1. Never stop learning

At some point or another I’ve felt the desire to give up. Not on wedding photography altogether, but on little pieces here and there. It’s tempting to feel that way about social media and want to kiss it goodbye because you just don’t want to learn something new that came along. Fight that urge my friends. I’m not saying you have to be a master at social media, but you do need to continue to educate yourself and stay relevant.

2. Don’t believe the lies

It’s tempting to try and find shortcuts when social media gets overwhelming.  Believe me, that won’t end well. From buying followers, likes and other things you’ve heard “work”, how can you discern truth?

Take a look at this video for some quick social media myth debunking.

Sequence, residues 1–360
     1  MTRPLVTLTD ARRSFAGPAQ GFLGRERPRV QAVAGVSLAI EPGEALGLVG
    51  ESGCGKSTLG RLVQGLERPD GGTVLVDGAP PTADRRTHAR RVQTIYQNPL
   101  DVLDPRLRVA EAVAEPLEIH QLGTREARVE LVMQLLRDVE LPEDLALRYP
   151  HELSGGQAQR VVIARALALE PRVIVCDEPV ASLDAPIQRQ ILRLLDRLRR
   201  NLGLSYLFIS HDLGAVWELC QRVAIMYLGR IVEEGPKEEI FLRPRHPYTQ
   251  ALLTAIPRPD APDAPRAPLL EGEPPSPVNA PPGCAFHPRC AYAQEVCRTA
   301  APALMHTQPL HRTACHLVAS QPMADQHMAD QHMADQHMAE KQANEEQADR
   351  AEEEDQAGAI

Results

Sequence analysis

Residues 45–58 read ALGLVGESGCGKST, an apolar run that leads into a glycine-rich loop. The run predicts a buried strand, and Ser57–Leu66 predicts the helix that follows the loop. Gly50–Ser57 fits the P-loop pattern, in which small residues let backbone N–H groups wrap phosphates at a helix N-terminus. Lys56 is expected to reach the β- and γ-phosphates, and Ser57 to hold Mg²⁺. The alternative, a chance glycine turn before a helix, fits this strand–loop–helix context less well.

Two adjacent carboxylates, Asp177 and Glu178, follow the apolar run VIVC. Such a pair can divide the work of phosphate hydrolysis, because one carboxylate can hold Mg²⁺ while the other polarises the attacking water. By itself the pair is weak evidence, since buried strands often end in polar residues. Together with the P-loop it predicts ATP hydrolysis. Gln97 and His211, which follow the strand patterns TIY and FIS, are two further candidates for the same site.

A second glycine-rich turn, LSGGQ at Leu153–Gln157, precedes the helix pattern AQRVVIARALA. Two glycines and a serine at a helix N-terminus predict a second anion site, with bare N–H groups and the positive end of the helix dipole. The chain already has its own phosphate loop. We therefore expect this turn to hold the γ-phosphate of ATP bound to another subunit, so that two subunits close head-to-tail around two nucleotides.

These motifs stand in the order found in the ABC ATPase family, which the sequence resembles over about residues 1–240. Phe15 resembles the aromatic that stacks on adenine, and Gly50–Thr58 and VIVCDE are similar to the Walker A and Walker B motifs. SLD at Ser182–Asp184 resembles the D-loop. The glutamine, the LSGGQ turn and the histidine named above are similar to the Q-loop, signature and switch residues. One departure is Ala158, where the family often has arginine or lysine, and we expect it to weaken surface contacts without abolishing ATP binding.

3. Understand the truth

When it comes to social media the root of it is exactly as it says: social. Every time you see a change come along just remember that each of these platforms is just a corporation trying to make money by engaging users on their platform. If you remember that concept, then you can weather any change by coming back to it. Before you post simply ask yourself “will my audience engage with this?”. It doesn’t matter how they engage with it (like, comment, watch, click, etc), just that they do.

4. Get help

You likely didn’t enter the wonderful world of weddings because you wanted to be glued to social media all day every day. So, streamline the process with a social media scheduling service like Planoly, Buffer, Later, Hootsuite or Meet Edgar (and I’m sure there are many others). If you can, don’t feel ashamed to hire personnel to handle posting or interacting with others. Virtual assistants and office assistants can be great for this and will take a lot of the weight off of your shoulders so you can focus more on your clients and what you do best.